This will be likely controversial. I put the word solution in quote marks, as while I think it is indeed a potential solution (and something that regardless has to be done, in one form or another), not everyone may agree. But, I think it’s a discussion well worth having.
Easy solution to the Anchor reserve depletion problem, and maintaining the 19.5% APY for longer than just the next few weeks:
- Adopt Terms of Service (ToS) for Anchor Protocol. (Community vote.)
- ToS clearly lays out prohibited uses, which is gaming, leveraging aUST to deposit more UST (no matter how it’s done and circumvented), and any schemes which are intended to provide an effective APY higher than the current APY.
- ToS clearly lays out that any parties suspected of prohibited use will have their funds frozen and not available for withdrawal, for a period of no longer than __ days. When and if prohibited use is confirmed, the funds deposited will be confiscated [in full / in part - __%, with the rest available for withdrawal (slashing of sorts)].
- The ToS breakers’ confiscated funds will always go to the APY reserve fund.
- A small portion (0._%) will go to the individual or entity who reported the abuse, to encourage a sort of “neighborhood watch” by the community. Conversely, if a report is found to be unsubstantiated, then the reporter will not get their “report abuse” deposit back (to report abuse, have to deposit ___UST).
- Probably have to be establish some sort of community-voted, or even better fully independent professional (paid), oversight board/panel, to review the abuse reports. (This is the Internet, nothing good lasts without moderation. That’s the reality, as much as it may be tempting to deny it.)
This would solve both the reserve APY issue, at least for the short term, and the existential threat (IMO) of abracadabra/degenbox, and any other such future schemes. The risks from those are two-fold: (a) eating the honest depositors’ lunch (APY), and (b) reputational. With such activity implicitly allowed as it is not expressly prohibited, Anchor can never gain widespread acceptance or be regarded as safe by the public. The way for Anchor (and by association Terra) to grow exponentially is for it to become another vehicle where savers, pensioners (and those saving for retirement, or anything else) put at least a part of their funds for a (relatively) safe (though not insured) APY, and ultimately even institutional - where pension funds, endowments, governments and other mega-whales may park a part of their funds, for a much higher return than Treasuries, bonds and other “safe” assets, and sure rated at a lower grade, but higher than stocks (and obviously crypto). If Anchor can capture the mid-risk market in-between treasuries, bonds, and other ultra-safe assets (low risk) and equities and crypto (high risk), that is the golden ticket. But, that can never happen if parasitic abusers like abracadbra are allowed on Anchor. For Anchor to be taken seriously, and for its depositors to be better protected, there have to be some basic conditions of use. Nothing fancy, just basics disallowing obvious and damaging abuse.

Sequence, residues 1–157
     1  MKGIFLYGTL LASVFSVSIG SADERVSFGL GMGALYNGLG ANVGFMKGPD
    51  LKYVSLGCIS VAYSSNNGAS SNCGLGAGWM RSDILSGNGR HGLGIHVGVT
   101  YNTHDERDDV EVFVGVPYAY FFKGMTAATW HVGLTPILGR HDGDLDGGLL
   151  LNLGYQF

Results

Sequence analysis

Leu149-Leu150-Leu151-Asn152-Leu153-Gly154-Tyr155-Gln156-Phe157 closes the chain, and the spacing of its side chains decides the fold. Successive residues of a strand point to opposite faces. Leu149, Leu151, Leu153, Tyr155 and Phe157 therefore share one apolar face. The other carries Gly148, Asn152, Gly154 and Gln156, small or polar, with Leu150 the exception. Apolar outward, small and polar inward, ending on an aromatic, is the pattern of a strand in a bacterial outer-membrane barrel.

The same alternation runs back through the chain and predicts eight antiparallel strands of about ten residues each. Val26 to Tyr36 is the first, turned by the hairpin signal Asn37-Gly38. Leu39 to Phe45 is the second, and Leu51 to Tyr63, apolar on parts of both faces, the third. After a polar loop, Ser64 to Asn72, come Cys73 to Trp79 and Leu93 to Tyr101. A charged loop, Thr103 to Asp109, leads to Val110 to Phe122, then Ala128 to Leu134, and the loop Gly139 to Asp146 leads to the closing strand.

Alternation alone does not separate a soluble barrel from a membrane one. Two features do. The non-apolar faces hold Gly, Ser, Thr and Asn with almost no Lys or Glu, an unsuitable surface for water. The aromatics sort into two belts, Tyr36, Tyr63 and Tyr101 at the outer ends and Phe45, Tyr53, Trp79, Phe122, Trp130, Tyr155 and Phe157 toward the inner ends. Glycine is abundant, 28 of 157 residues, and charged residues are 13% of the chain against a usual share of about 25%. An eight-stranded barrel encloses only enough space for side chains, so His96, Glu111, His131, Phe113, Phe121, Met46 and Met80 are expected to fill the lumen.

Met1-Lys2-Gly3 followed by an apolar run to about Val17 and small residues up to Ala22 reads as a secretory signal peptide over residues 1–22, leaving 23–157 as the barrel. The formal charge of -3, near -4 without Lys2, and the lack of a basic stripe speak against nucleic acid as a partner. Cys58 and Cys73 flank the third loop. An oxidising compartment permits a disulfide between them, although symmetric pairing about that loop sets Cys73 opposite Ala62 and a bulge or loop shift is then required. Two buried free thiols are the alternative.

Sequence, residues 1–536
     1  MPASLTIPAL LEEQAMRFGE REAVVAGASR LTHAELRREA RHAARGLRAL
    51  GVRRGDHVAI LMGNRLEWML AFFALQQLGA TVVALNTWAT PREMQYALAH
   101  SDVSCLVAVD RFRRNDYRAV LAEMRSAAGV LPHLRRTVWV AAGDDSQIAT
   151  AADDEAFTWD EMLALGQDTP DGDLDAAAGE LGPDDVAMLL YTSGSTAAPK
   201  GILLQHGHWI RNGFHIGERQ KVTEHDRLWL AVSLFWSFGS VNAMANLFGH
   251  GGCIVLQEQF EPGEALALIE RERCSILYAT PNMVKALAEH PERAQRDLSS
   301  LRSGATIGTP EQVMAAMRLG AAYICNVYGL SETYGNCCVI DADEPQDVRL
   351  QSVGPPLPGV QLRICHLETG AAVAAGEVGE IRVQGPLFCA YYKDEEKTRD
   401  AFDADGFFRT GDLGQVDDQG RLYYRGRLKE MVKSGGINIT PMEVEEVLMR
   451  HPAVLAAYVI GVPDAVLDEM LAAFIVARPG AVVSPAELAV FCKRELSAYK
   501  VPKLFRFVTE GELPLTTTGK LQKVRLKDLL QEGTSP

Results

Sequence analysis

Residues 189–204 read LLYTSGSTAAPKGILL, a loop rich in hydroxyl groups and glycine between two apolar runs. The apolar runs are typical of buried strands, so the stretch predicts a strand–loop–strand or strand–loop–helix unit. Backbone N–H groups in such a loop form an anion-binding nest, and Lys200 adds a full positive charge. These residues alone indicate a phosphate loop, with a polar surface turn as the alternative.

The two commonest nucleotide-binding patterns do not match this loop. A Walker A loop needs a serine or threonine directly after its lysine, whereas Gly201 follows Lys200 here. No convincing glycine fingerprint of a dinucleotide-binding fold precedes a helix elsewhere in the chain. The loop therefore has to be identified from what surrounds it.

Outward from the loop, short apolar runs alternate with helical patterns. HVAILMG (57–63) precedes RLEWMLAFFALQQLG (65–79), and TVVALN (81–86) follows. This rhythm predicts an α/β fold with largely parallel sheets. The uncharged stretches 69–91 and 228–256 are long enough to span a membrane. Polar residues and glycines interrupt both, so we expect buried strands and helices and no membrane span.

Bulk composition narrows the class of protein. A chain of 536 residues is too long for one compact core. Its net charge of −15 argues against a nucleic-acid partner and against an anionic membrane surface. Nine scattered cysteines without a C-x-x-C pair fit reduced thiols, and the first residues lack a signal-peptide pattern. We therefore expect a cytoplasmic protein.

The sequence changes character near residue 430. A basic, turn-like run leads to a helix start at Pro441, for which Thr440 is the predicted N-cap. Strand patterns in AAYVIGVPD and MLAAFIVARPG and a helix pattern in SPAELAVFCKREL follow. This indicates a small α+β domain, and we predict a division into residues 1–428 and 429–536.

For long-term stability, reputation, and to be able to grow (10x…100x), and to hopefully soon add other stables like EUT, AUT, KRT, JPT, etc., where there is a sizable hungry market for higher yield, this is a practically a requisite. A basic ToS disallowing clear abuse (and other things like outright theft, as just because there is a bug and one can steal, doesn’t mean that it’s acceptable to do so) and giving a way to recoup losses (on and off-chain) in case of abuse/theft is an important foundation, that will instantly give Anchor more credibility. A basic ToS combined with friction-less USD (ACH) on/off ramp (third-party), for both deposits and borrowing, with built-in included protocol and depeg insurance (so naturally a lower APY than the “direct” one), could make Anchor soar. And isn’t real-world adoption and use the goal?
That’s my thinking on this. Would love to hear what are the community’s thoughts on this.
P.S. I know that for some the first instinct will be that “this is the blockchain, anything goes” and that “if it can be done, then anyone can do it.” That’s an unrealistically utopian view, and it also expects the impossible from code alone. Taking such a naive view ends up sacrificing the many - the real users - for the benefit of the few parasitic abusers, and ultimately dooming Anchor as a whole. Of course, if it can be addressed in code, it should be addressed in code.